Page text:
Loft conversion

Planning permission is not normally required. However, permission is required where you extend or alter the roof space and it exceeds the specified limits and conditions.

A loft conversion for your home will be considered to be permitted development, subject to the following limits and conditions:

  • A volume allowance of 40 cubic metres for terraced houses.
  • A volume allowance of 50 cubic metres for detached and semi-detached houses.
  • No extension beyond the plane of the existing roof slope of the front of a house which fronts the highway.
  • No extension to be higher than the highest part of the roof.
  • Materials to be similar in appearance to the existing house.
  • No verandas, balconies or raised platforms.
  • Side-facing windows to be obscure-glazed; any opening to be 1.7m above the floor.
  • Roof extensions not to be permitted development in designated areas.
  • Roof extensions, apart from hip to gable ones, to be set back, as far as practicable, at least 20cm from the eaves.

Designated areas include national parks and the Broads, Areas of Outstanding Natural Beauty, conservation areas and World Heritage Sites.

Decking

Putting up decking, or other raised platforms, in your garden is permitted development, provided that:

  • The decking is no more than 30cm above the ground
  • Together with other extensions, outbuildings etc., the decking or platforms cover no more than 50 per cent of the garden area

Garage conversions

Planning permission will not usually be required, providing the work is internal and does not involve enlarging the building.

Sometimes permitted development rights have been removed from some properties with regard to garage conversions and therefore you should contact your local planning authority before proceeding, particularly if you live on a new housing development or in a conservation area.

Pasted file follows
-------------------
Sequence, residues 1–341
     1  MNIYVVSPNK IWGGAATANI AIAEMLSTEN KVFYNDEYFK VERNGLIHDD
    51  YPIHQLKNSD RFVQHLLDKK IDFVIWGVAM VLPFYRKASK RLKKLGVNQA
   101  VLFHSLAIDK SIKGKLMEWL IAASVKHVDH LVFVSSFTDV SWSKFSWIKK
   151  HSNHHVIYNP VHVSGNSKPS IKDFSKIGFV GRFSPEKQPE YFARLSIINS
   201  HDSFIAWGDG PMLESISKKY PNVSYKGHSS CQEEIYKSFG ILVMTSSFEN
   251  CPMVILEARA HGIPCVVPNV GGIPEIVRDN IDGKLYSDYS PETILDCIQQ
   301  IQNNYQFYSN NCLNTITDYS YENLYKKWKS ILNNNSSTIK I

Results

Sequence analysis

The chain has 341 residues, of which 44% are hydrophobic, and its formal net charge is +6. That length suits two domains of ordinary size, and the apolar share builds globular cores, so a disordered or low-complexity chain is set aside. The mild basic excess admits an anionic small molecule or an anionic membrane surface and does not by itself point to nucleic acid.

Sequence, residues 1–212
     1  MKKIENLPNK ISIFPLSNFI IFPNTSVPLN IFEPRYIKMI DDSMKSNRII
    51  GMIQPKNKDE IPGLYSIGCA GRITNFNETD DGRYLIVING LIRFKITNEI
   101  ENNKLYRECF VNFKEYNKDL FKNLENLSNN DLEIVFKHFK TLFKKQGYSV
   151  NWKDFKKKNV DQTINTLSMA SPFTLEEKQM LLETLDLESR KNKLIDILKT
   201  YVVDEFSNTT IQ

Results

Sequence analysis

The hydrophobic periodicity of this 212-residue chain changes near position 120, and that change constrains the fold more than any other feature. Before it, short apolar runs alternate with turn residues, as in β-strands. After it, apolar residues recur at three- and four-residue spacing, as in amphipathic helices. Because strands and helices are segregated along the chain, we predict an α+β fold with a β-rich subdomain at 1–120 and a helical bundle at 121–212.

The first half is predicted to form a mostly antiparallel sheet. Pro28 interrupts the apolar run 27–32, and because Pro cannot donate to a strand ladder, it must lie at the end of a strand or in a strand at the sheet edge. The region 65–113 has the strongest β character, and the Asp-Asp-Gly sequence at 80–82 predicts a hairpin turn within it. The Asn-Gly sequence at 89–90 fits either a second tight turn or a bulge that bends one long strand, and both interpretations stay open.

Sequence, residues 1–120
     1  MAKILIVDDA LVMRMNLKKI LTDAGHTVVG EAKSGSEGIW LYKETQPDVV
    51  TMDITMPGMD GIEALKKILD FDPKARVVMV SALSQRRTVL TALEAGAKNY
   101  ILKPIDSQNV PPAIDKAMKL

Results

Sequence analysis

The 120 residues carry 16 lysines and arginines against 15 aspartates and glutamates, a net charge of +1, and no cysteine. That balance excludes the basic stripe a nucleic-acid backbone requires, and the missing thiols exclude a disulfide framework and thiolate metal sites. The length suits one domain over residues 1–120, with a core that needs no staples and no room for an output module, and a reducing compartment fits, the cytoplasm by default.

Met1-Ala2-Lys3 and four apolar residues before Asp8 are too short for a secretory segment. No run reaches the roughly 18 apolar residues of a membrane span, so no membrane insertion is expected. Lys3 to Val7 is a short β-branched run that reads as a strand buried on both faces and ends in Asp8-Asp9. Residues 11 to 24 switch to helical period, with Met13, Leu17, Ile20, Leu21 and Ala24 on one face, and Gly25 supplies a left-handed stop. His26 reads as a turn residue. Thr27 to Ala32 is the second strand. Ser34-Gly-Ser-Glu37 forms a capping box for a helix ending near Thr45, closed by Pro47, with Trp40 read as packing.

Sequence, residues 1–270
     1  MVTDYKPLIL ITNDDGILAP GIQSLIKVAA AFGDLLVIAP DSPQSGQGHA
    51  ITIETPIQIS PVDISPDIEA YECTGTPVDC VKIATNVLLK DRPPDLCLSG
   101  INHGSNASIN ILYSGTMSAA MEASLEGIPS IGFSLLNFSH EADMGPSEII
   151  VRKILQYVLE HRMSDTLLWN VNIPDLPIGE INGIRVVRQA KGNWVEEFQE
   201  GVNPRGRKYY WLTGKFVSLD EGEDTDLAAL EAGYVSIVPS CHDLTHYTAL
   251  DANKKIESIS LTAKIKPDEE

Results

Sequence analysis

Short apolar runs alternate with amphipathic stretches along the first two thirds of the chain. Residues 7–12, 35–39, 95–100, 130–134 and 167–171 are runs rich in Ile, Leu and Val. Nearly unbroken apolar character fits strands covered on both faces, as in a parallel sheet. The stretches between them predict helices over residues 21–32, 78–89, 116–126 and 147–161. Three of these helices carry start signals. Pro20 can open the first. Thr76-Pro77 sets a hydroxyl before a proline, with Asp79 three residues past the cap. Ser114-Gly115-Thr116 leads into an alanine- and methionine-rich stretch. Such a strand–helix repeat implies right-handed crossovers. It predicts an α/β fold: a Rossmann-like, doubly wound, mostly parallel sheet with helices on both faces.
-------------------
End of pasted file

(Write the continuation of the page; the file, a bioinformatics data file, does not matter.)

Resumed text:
Where work is proposed to a listed building, listed building consent may be required.

For more information, see our 'Loft and Garage conversions' section.

Demolishing houses

If you decide to demolish a building, even one that has suffered fire or storm damage, it does not automatically follow that you will get planning permission to build a replacement.

Listed buildings and buildings in conservation areas

You do not need to make a planning application to demolish a listed building or to demolish a building in a conservation area. However, you may need listed building or conservation area consent.

Elsewhere

You will not need to apply for planning permission to knock down your house or any of its outbuildings, unless the council has made a direction restricting the demolition or alterations you could normally carry out under permitted development rules.

However, where demolition of any kind of residential property is proposed, the council may wish to agree the details of how you intend to carry out the demolition and how you propose to restore the site afterwards. You will need to apply for a formal decision on whether the council wishes to approve these details before you start demolition. This is what is called a 'prior approval application' and your council will be able to explain what it involves.

Further information

If you are looking for more information, you should visit:

  • In England & Wales, the Planning Portal website. The Planning Portal is the UK government's online planning and building regulations resource.
  • In Northern Ireland, the Planning Service. The Planning Service website is Northern Ireland's online planning resource.